Hoover, Herbert C.
His humanitarian reputation stemmed from his direction of food relief for occupied Belgium, 1914–17. As head of the U.S. Food Administration (1917–18) under Democratic president Woodrow Wilson, and as secretary of commerce under Republican presidents Harding and Coolidge (1921–28), Hoover also established a reputation for efficient administration. Defeating Al Smith, he became president, 1929–33.
Although a progressive Republican, Hoover's popularity was undermined by the onset of the depression. In his foreign policy, he struck a balance between internationalism and traditional U.S. unilateralism, supporting open trade, but accepting a congressional high tariff. Thinking in terms of economic self‐sufficiency for the western hemisphere, he repudiated Theodore Roosevelt's interventionism and withdrew the Marines from Nicaragua.
Hoover emphasized arms reduction and nonmilitary strategies. He obtained some success in the London Naval Disarmament Treaty (1930), extending the 1922 battleship limitation to cruisers and submarines. His pacifism appeared most clearly after Japan's conquest of Manchuria in 1931. When the League of Nations failed to act, Hoover eschewed economic sanctions, which he thought might lead to war in an area not vital to the United States. Instead, he had Secretary of State Henry L. Stimson respond with the doctrine of nonrecognition of the illegal conquest.
Hoover's fear of an expansionist Soviet Union led him to oppose U.S. intervention in Europe on the Pacific before 7 December 1941, because although he abhorred the German and Japanese regimes, he feared Josef Stalin more. In 1942, he co‐authored The Problems of Lasting Peace, emphasizing that military success alone would not ensure peace, and urging a new postwar international organization to settle disputes peacefully; gradual disarmament; and a ban on military alliances. Hoover coordinated European food relief again in 1945–47. During the Cold War, he advocated U.S. naval and air defense of the western hemisphere and island bastions from Britain to Japan, Taiwan, and the Philippines. Against commitment of U.S. ground troops overseas, he opposed NATO and the Korean War, and supported President Eisenhower's increased reliance upon airpower.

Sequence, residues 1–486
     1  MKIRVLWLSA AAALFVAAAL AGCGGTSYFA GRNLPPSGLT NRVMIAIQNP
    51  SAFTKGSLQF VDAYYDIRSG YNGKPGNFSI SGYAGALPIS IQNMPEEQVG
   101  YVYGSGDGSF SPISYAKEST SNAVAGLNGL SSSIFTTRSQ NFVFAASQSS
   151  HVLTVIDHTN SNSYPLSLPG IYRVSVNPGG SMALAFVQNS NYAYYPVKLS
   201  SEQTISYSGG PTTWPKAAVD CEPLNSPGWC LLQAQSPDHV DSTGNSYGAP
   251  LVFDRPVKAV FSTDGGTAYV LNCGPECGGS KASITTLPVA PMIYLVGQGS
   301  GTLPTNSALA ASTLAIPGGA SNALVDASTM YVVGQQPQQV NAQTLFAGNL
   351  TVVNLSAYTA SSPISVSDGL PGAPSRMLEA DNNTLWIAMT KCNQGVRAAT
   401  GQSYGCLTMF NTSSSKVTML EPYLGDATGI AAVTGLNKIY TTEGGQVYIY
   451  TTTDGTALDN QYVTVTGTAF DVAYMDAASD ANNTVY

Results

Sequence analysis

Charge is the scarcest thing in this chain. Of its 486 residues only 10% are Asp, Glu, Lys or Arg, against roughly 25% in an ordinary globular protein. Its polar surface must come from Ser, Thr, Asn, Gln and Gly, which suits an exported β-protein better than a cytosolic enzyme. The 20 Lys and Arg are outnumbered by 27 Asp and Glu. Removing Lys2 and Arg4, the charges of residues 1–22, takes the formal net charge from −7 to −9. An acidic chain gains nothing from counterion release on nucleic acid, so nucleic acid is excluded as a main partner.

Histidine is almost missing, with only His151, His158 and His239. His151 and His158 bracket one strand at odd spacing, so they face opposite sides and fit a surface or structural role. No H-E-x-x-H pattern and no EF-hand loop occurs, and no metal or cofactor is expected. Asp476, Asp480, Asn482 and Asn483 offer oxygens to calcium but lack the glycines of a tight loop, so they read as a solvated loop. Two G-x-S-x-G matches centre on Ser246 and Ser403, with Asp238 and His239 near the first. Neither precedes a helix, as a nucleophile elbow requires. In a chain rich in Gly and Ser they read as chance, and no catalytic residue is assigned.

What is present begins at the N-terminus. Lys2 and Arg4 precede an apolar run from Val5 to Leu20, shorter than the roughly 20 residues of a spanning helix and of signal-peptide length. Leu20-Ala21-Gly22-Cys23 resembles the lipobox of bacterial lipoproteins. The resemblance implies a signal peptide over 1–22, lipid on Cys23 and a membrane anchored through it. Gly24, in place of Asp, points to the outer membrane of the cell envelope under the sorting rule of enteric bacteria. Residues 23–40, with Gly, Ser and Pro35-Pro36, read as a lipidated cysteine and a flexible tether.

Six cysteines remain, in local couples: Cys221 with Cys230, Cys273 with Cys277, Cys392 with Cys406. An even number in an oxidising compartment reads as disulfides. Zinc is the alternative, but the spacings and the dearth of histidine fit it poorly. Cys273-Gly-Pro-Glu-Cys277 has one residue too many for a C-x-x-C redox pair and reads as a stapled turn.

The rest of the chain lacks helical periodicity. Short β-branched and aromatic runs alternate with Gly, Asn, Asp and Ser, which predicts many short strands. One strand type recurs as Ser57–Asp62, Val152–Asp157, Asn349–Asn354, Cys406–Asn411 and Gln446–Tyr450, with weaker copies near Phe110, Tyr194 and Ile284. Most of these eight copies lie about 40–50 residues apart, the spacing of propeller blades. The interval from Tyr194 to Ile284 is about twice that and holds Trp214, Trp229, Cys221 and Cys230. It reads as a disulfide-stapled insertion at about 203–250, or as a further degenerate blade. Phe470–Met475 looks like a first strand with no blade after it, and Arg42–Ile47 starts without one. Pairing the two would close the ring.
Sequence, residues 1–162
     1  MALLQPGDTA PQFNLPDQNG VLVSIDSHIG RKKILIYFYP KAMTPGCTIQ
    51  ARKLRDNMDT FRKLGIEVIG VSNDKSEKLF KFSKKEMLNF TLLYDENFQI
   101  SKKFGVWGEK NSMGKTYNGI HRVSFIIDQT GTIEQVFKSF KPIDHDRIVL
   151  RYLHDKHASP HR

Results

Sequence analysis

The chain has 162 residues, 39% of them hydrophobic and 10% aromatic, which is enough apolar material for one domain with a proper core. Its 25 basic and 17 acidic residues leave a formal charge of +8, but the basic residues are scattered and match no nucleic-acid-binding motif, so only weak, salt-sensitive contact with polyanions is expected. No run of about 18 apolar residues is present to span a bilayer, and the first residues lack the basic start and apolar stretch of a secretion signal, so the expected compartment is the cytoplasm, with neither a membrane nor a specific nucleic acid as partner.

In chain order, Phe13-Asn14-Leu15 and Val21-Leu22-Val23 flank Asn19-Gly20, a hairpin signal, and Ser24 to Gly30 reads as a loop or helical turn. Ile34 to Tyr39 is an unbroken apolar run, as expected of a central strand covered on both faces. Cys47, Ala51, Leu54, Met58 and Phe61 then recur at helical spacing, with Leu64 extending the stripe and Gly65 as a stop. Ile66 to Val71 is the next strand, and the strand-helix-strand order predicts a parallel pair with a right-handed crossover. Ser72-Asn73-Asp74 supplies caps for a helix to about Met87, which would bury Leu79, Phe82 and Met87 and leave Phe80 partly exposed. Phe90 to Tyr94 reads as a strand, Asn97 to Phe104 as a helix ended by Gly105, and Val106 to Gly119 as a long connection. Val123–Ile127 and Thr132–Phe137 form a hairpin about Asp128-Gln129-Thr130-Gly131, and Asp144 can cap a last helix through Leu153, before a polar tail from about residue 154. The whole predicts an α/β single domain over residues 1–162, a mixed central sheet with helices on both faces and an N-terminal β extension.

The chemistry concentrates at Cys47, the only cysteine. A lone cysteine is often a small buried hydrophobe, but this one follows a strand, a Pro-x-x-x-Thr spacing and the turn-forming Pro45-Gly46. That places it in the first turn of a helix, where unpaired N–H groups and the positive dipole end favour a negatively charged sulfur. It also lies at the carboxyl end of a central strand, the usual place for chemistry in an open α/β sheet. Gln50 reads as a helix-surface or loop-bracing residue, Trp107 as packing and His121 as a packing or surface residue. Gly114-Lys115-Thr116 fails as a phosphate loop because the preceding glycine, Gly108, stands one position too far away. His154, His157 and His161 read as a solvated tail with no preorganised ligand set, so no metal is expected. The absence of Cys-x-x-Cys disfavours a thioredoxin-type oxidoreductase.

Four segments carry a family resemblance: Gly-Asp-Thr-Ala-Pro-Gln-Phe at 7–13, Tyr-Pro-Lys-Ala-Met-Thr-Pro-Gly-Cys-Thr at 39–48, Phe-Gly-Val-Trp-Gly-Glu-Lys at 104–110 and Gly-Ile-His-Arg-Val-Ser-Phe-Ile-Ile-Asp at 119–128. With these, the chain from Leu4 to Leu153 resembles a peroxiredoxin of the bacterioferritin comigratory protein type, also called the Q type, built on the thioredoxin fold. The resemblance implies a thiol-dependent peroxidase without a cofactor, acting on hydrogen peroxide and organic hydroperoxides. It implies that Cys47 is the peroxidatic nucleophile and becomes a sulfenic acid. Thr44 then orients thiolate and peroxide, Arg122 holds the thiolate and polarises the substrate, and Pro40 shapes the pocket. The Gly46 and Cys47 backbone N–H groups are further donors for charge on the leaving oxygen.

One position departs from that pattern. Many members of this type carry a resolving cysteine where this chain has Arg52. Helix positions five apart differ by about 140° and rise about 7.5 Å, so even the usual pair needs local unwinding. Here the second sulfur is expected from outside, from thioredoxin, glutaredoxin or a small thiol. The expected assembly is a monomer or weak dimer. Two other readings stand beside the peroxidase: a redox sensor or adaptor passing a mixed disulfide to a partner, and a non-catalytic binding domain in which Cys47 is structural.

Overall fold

[See also Nicaragua, U.S. Military Involvement in; World War I: Causes; World War I: Postwar Impact; World War II: Postwar Impact.]
David Burner , Herbert Hoover: A Public Life, 1979.
Gary Dean Best , Herbert Hoover: The Postpresidential Years, 2 vols., 1983.
Richard Norton Smith , An Uncommon Man: The Triumph of Herbert Hoover, 1984.
Gary Dean Best
"Hoover, Herbert C.." The Oxford Companion to American Military History. . Encyclopedia.com. (March 26, 2019). https://www.encyclopedia.com/history/encyclopedias-almanacs-transcripts-and-maps/hoover-herbert-c
"Hoover, Herbert C.." The Oxford Companion to American Military History. . Retrieved March 26, 2019 from Encyclopedia.com: https://www.encyclopedia.com/history/encyclopedias-almanacs-transcripts-and-maps/hoover-herbert-c
Encyclopedia.com gives you the ability to cite reference entries and articles according to common styles from the Modern Language Association (MLA), The Chicago Manual of Style, and the American Psychological Association (APA).
Within the “Cite this article” tool, pick a style to see how all available information looks when formatted according to that style. Then, copy and paste the text into your bibliography or works cited list.
Because each style has its own formatting nuances that evolve over time and not all information is available for every reference entry or article, Encyclopedia.com cannot guarantee each citation it generates. Therefore, it’s best to use Encyclopedia.com citations as a starting point before checking the style against your school or publication’s requirements and the most-recent information available at these sites:
Modern Language Association
The Chicago Manual of Style
American Psychological Association
- Most online reference entries and articles do not have page numbers. Therefore, that information is unavailable for most Encyclopedia.com content. However, the date of retrieval is often important. Refer to each style’s convention regarding the best way to format page numbers and retrieval dates.
- In addition to the MLA, Chicago, and APA styles, your school, university, publication, or institution may have its own requirements for citations. Therefore, be sure to refer to those guidelines when editing your bibliography or works cited list.